Divisibility of the exponential distribution

Let \(Z\) be a \(\text{Exp}(1)\) random variable. For \(\alpha_1, \ldots \alpha_N \in \mathbb{R}_{+}^{*}\), we are looking for variables \(X_1, \ldots X_N\) independent and following the same distribution such that:

\[Z = \sum_{j=1}^{N} \alpha_j X_j.\]

For the special case where all \(\alpha_j\) are equal, this corresponds to the problem of infinite divisibility of the exponential distribution, and in this case \(X_1\) follows \(\text{Gamma}(1/N, 1/\alpha_1)\), a gamma variable with shape \(1/N\) and scale \(1/\alpha_1\) (in particular when \(N=1\), we have \(X_1 \sim \text{Exp}(\alpha_1) = \text{Gamma}(1, 1/\alpha_1)\)).

We are willing to extend this divisibility property and give methods to derive the density distribution of \(X_1\) along with a way to generate it.

First, the characteristic function \(\varphi\) of \(X_1\) is given, for \(\vert t \vert \leq \max \alpha_j\), by:

\[\varphi(t) = \exp \left( \sum_{k=1}^{\infty} \frac{i^k t^k}{k \sum_{l = 1}^N \alpha_l^k } \right).\]
Proof.

By writing \(Z = \sum_{j=1}^{N} \alpha_j X_j\) in terms of characteristic function, we are looking for \(\varphi\) verifying for \(t \in \mathbb{R}\):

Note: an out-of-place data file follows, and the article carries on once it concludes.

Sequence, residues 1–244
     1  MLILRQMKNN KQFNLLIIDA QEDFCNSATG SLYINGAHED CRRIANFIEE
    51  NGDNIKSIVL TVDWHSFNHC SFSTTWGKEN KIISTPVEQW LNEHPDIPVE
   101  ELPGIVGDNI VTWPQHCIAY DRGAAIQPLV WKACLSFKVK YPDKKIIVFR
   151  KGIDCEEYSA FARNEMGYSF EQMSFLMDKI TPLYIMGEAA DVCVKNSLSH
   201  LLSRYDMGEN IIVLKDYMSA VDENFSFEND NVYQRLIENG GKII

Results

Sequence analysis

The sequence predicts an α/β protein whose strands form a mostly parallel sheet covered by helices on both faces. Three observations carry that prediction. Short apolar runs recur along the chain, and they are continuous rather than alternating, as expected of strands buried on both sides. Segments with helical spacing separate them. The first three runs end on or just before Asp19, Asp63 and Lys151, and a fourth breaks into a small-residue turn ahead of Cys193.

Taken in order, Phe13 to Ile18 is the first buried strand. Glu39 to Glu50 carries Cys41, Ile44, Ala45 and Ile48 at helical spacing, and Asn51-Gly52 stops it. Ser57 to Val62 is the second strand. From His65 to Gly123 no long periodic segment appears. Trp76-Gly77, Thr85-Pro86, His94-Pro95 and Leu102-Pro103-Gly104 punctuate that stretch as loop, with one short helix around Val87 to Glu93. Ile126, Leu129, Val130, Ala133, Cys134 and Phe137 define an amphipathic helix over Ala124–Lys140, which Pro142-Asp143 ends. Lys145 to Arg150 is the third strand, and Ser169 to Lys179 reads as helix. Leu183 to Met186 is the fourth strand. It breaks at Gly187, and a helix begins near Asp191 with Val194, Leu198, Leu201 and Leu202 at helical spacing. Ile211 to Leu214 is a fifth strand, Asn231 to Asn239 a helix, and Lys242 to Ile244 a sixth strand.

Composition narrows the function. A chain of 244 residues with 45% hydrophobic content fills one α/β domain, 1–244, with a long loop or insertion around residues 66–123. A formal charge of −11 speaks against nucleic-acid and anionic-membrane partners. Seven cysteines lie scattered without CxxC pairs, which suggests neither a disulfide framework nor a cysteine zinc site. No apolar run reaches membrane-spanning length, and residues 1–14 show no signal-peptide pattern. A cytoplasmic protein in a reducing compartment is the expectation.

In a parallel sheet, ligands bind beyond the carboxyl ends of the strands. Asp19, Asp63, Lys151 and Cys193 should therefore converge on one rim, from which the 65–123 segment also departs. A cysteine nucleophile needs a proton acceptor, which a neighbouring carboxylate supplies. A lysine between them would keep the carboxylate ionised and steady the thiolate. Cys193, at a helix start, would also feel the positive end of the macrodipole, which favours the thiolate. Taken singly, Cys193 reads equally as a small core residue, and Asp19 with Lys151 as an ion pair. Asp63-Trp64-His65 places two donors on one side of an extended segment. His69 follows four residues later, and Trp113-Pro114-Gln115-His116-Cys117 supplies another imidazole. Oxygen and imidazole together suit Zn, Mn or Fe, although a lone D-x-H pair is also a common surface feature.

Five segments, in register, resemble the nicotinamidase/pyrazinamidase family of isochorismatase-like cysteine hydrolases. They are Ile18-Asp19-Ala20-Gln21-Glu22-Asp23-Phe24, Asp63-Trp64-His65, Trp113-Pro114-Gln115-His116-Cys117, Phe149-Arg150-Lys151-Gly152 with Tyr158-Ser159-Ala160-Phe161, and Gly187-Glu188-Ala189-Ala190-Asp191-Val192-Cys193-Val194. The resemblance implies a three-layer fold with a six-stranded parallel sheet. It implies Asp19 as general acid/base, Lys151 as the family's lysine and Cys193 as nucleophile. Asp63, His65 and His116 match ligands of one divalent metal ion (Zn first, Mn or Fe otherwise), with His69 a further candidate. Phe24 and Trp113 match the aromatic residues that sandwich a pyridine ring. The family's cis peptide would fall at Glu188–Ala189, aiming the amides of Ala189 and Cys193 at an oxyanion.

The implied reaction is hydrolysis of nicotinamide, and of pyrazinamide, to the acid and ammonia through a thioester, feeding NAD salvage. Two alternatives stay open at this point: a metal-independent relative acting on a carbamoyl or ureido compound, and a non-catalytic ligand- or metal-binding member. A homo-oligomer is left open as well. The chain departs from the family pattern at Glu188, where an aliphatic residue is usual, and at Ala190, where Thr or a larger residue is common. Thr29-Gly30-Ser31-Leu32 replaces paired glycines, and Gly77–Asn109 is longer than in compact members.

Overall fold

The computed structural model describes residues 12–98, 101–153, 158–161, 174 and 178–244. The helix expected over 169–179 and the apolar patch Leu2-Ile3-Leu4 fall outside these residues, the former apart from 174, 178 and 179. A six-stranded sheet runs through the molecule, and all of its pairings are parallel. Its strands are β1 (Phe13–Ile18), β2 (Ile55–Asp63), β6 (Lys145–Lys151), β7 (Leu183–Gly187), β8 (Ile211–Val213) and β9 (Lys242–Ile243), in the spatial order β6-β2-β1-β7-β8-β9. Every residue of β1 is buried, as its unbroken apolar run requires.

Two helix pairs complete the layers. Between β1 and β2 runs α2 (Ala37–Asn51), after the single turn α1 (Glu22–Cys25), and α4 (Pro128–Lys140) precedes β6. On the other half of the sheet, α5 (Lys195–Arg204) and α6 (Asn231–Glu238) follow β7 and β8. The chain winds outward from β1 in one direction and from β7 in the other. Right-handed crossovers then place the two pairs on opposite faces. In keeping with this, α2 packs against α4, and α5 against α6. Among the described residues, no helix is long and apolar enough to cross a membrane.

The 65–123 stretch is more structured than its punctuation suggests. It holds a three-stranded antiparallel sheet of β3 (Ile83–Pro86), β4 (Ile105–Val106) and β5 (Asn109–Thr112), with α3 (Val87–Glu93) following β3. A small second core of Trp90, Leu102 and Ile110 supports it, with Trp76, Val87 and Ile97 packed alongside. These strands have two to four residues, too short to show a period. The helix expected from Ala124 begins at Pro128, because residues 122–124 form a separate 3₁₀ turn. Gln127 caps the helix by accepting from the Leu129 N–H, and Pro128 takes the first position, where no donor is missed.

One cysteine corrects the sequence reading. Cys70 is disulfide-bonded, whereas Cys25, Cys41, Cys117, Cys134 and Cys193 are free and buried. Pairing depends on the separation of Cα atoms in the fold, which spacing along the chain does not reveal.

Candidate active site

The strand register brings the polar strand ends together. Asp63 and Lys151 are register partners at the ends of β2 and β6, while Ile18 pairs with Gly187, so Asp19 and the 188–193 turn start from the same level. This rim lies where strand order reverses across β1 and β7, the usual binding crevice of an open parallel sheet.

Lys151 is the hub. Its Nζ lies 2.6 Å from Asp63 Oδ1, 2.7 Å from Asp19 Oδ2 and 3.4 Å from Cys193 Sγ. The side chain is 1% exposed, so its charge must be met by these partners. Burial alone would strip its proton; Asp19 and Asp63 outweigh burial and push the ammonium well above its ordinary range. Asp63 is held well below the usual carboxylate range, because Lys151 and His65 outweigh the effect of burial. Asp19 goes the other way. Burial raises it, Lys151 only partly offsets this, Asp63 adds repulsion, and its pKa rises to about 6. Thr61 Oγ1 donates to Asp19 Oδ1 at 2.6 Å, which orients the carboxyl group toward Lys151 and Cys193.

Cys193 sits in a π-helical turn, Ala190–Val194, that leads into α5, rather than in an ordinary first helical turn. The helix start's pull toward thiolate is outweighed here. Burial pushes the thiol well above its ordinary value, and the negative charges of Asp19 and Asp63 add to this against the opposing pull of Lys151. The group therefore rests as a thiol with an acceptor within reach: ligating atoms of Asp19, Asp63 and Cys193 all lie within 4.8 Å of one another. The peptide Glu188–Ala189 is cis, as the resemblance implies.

\[\begin{equation}\label{expo_phi_equality} \frac{1}{1-it} = \prod_{j=1}^{N} \varphi(\alpha_j t). \end{equation}\]

We express the characteristic of the exponential distribution for \(\vert t \vert \leq 1\) as follows:

\[\begin{align*} \frac{1}{1-it} =& \exp \left( - \log \left( 1 - it \right) \right) \\ =& \exp \left( \sum_{k=1}^{\infty} \frac{i^kt^k}{k} \right) \\ =& \exp \left( \sum_{k=1}^{\infty} \frac{i^k t^k \sum_{j = 1}^N \alpha_j^k}{k \sum_{l = 1}^N \alpha_l^k } \right) \\ =& \exp \left( \sum_{j = 1}^N \sum_{k=1}^{\infty} \frac{i^k t^k \alpha_j^k}{k \sum_{l = 1}^N \alpha_l^k } \right) \\ =& \prod_{j = 1}^N \exp \left( \sum_{k=1}^{\infty} \frac{i^k \left(\alpha_j t \right)^k}{k \sum_{l = 1}^N \alpha_l^k } \right), \end{align*}\]

which gives the characteristic function for \(\vert t \vert \leq \max \alpha_j\):

\[\varphi(t) := \exp \left( \sum_{k=1}^{\infty} \frac{i^k t^k}{k \sum_{l = 1}^N \alpha_l^k } \right).\]


From this characteristic function, we deduce:

\[\log \varphi(t) = \sum_{k=1}^{\infty} \frac{(k-1)!}{\sum_{l = 1}^N \alpha_l^k } \frac{\left( it \right)^k}{k!},\]

so the cumulants are given by: \(\kappa_k = (k-1)! / \sum_{l = 1}^N \alpha_l^k.\) For instance the mean and variance of \(X_1\) are \(\mu = \kappa_1 = 1/\sum_{l = 1}^N \alpha_l\) and \(\sigma^2 = \kappa_2 = 1/\sum_{l = 1}^N \alpha_l^2\).

It is also possible to express \(\varphi\) as an analytic function using the (complete exponential) Bell polynomials. For \(k \geq 0\), we define the sequence \(p_k := \left( \sum_{l = 1}^N \alpha_l^k \right)^{-1}\) and we rewrite, for \(\vert t \vert \leq \max \alpha_j\),: